When You Are Engulfed in Flames (2008) is humorist David Sedaris’s fifth collection of autobiographical essays. As with his previous efforts, Sedaris does not follow a strict time line in chronicling his experiences; rather the pieces are loosely connected to both each other and to essays included in his previous books. A more prominent figure in this collection is Hugh, Sedaris’s longtime partner. In “Keeping Up,” one of several stories featuring Hugh, Sedaris establishes a comic pattern in depicting their life together. Sedaris paints himself as a comic foil to the more levelheaded Hugh who must endure Sedaris’s shortcomings and neuroses.
Several stories deal with Sedaris’s culture shock and linguistic shortcomings while living in France with Hugh. In an atypically serious selection, Sedaris recounts his relationships with a neighbor who is later convicted of child molestation. This story establishes a significant tonal shift for Sedaris in this book. Many tales deal with death and reflect Sedaris’s increasing awareness of his own aging and mortality. The darker and lighter elements of the book converge in tales such as “Memento Mori,” in which Sedaris seeks out a human skeleton as a present for Hugh.
Sedaris’s family and childhood, who figured prominently in his earlier collections, receive less attention in When You Are Engulfed in Flames. The most family-oriented tale recounts his mother and father’s obsession with art that he finds unbelievably tacky. Another tale finds Sedaris and his siblings battling an odd dislikeable babysitter. In it, Sedaris pokes fun at his own budding snobbishness, while acknowledging his fish-out-of-water feelings.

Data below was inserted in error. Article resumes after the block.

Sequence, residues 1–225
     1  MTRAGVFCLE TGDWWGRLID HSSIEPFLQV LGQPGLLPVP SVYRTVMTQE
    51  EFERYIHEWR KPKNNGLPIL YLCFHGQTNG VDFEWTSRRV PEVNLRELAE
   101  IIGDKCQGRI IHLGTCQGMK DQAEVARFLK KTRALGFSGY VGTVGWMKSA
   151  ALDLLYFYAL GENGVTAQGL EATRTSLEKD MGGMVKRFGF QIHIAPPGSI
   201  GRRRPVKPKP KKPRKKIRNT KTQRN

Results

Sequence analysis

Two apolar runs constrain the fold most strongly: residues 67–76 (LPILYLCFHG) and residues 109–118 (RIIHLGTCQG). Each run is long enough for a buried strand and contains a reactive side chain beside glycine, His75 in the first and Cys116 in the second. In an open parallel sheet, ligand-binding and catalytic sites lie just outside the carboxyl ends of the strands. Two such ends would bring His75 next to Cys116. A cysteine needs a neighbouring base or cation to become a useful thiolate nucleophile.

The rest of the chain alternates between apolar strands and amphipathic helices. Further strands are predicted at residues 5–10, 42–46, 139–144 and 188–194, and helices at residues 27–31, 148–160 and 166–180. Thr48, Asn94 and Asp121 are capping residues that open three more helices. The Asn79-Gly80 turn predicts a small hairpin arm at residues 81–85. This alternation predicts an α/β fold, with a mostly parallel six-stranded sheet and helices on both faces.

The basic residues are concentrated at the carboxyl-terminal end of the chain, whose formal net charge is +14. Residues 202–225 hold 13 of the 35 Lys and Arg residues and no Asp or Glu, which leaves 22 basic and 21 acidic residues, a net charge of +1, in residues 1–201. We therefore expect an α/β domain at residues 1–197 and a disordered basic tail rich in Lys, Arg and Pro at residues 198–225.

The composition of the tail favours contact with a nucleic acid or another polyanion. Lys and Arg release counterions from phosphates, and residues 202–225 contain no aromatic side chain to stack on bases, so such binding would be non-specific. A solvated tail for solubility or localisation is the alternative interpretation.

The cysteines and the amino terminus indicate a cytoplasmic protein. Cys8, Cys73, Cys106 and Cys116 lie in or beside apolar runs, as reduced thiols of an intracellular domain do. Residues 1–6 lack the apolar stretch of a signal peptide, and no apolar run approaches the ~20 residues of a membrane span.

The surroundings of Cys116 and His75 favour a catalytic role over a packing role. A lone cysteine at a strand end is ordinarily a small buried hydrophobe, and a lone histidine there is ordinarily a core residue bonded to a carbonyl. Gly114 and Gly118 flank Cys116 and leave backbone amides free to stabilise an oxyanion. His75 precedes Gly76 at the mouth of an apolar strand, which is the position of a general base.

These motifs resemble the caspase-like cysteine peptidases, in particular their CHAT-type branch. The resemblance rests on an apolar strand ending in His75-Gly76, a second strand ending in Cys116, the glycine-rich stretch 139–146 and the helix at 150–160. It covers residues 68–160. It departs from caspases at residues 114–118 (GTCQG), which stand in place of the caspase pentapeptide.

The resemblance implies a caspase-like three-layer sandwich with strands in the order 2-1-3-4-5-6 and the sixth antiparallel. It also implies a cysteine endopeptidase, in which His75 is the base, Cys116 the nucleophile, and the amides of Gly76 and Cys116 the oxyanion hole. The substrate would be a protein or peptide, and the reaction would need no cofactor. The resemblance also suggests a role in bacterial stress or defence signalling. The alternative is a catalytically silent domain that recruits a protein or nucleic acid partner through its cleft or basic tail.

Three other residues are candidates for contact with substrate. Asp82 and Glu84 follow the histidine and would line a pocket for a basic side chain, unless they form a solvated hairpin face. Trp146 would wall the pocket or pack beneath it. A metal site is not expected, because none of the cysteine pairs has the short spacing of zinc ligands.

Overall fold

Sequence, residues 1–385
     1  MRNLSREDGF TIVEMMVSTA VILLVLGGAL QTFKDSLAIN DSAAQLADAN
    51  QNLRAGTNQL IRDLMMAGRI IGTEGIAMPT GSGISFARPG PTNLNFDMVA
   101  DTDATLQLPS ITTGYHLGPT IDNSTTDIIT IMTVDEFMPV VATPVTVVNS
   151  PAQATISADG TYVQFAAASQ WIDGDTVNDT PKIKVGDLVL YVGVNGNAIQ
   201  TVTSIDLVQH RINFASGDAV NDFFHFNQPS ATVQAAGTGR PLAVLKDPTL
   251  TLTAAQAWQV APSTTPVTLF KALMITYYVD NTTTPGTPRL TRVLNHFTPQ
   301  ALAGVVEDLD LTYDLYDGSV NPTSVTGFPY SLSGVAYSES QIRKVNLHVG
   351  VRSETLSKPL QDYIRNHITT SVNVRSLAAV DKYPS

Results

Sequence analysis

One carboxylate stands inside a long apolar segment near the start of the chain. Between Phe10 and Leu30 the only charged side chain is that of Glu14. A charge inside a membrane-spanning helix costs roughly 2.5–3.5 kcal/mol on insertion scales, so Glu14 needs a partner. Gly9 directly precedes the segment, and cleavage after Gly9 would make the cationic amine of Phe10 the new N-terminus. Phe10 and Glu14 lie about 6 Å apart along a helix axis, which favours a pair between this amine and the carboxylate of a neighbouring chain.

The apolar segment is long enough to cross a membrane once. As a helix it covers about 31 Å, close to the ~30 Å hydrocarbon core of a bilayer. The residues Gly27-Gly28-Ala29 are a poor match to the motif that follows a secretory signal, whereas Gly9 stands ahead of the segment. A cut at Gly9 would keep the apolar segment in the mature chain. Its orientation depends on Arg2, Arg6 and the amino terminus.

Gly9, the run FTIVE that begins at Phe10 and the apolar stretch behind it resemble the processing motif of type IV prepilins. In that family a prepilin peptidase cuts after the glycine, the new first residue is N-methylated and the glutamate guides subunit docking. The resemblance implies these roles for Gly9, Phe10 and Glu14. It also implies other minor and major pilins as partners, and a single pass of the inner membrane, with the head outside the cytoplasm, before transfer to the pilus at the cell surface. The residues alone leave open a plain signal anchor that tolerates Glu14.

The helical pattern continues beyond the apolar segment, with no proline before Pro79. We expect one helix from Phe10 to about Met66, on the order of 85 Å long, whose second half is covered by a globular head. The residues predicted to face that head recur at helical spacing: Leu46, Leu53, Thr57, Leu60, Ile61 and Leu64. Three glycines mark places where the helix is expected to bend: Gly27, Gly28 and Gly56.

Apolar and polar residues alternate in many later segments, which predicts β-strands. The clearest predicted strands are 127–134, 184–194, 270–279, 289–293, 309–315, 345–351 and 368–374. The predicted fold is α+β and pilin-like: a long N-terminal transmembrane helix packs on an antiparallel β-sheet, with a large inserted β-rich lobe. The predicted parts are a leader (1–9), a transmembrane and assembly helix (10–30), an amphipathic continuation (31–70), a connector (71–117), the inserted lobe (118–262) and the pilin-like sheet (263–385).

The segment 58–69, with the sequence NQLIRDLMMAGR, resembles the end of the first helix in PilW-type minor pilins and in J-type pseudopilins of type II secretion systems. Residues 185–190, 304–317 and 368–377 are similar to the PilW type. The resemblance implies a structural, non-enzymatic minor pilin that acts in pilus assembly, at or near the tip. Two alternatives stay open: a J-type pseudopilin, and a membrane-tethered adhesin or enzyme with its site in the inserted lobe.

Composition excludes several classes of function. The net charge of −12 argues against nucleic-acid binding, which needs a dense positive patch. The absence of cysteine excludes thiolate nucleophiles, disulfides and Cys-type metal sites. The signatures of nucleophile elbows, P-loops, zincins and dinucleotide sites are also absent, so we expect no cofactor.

The book ends with a long story about Sedaris’s efforts to quit smoking while staying in Japan for three months. In this story, all of Sedaris’s trademark characteristics remain front and center. First, Sedaris’s extends the stranger-in-a-strange-land motif established in the earlier stories set in France. He also offsets his own bemused mockery of the world around him with honest dissections of his own failings and idiosyncrasies (in this case, his battle against nicotine). Taken as a whole, When You Are Engulfed in Flames parallels Sedaris’s earlier efforts in that it functions as an impressionistic autobiography.